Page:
Original Research

God’s gifts to humankind: a legal- philosophical interpretation of Luther’s views on ownership and the natural right to property

A. W.G. Raath
In die Skriflig/In Luce Verbi | Vol 43, No 1 | a214 | DOI: https://doi.org/10.4102/ids.v43i1.214 | © 2009 A. W.G. Raath | This work is licensed under CC Attribution 4.0
Submitted: 26 July 2009 | Published: 26 July 2009

About the author(s)

A. W.G. Raath, Department of Constitutional Law & Philosophy of Law, University of the Free State, Bloemfontein, South Africa

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The collapse of the medieval political and social order, the rise of the nation state and the emergent absolutism of civil rulers, meant that the early Reformers had to make a clearer demar- cation between the natural right to private property and the moral conditions giving rise to such a right, and a clearer de- lineation of the duties of civil authorities in dealing with private property in civil society. Luther’s view that natural right presup- poses the existence of moral duty and is intricately connected with the moral uprightness of the owner’s activities, produces a number of important perspectives still relevant for the debate concerning the natural rights of individuals to own property and to have the sphere of liberty attached to this right adequately protected.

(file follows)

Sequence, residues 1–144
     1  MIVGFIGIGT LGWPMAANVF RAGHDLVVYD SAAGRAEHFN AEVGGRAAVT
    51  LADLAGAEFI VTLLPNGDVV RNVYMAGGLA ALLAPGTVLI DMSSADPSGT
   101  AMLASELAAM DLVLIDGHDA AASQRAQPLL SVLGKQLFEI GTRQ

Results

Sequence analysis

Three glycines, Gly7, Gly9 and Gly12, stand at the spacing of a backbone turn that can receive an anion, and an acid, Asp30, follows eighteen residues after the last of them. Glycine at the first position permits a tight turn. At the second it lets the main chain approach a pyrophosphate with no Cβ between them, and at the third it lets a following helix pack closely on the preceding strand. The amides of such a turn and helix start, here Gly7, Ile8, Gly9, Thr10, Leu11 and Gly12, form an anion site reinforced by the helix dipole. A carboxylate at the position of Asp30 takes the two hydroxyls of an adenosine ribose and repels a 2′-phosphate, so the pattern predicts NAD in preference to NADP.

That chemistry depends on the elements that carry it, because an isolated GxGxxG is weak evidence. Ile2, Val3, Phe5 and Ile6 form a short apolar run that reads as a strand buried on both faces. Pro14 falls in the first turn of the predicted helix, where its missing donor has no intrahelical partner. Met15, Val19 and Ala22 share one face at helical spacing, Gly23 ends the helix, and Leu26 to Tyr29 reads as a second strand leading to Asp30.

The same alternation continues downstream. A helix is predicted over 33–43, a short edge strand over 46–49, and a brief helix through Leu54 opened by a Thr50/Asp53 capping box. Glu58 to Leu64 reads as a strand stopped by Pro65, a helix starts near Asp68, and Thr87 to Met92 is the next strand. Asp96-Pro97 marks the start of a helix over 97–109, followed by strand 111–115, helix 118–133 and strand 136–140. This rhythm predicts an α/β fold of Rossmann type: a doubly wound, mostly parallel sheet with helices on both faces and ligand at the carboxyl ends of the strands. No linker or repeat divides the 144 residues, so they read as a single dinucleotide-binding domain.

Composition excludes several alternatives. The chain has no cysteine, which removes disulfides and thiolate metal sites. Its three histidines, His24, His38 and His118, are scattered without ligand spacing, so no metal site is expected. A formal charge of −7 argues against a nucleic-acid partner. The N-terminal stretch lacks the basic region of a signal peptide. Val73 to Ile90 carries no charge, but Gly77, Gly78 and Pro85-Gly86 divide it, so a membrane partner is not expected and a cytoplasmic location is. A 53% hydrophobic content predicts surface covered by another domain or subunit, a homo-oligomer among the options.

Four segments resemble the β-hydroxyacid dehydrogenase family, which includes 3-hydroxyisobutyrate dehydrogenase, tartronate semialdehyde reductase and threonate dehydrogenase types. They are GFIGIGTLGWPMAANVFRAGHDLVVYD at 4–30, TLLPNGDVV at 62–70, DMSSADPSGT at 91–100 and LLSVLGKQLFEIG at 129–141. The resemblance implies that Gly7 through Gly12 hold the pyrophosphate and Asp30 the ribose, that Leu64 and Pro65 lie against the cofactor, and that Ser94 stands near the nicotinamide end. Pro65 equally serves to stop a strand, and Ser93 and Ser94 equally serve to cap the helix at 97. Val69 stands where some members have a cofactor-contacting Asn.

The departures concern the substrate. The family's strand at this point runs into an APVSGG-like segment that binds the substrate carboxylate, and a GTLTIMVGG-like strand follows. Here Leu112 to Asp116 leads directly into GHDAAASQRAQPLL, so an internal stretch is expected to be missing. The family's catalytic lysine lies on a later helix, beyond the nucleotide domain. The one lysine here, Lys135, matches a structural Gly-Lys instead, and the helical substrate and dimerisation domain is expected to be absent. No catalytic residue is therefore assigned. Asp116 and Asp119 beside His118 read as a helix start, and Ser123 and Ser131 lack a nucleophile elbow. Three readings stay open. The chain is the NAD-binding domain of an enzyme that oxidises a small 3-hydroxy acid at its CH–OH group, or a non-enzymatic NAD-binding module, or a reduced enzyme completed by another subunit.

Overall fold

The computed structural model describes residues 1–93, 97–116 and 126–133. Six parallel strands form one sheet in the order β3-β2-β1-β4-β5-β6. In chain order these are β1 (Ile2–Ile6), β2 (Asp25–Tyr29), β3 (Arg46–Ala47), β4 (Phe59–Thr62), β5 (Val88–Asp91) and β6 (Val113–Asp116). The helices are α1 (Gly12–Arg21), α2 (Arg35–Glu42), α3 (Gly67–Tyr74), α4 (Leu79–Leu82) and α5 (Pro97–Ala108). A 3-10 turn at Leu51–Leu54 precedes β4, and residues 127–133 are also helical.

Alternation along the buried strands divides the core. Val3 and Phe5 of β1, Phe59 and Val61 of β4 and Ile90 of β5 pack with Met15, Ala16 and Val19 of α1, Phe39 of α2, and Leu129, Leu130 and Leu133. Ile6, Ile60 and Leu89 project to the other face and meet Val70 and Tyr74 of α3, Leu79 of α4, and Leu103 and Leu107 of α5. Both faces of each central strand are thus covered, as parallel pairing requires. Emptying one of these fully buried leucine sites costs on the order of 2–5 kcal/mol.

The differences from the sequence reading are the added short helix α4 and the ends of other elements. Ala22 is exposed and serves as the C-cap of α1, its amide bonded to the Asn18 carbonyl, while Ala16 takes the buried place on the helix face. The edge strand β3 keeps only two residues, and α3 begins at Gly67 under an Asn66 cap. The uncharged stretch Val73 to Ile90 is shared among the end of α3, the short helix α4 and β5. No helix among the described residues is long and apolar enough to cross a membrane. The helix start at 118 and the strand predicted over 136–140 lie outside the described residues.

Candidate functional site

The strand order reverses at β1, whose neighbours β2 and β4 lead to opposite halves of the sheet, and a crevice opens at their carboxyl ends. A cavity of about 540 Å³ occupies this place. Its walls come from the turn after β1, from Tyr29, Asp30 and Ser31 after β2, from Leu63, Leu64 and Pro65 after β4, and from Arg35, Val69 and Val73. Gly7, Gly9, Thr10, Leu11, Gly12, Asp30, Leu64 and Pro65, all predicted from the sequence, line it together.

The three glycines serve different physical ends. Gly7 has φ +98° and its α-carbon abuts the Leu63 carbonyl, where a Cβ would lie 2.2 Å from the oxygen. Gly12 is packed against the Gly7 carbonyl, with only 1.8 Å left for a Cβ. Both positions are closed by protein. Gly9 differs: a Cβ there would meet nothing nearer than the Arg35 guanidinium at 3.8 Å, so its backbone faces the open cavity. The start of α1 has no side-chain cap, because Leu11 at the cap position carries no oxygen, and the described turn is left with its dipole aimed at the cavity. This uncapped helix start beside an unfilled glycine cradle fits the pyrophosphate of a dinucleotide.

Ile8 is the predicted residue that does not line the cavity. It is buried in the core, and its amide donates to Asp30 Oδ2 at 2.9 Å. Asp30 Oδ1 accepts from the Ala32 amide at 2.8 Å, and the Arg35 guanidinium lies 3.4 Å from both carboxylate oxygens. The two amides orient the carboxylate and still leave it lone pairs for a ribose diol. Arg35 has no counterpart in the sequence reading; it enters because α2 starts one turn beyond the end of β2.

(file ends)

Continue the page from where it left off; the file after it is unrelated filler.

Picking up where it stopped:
Natural Law; Property; Right To Property


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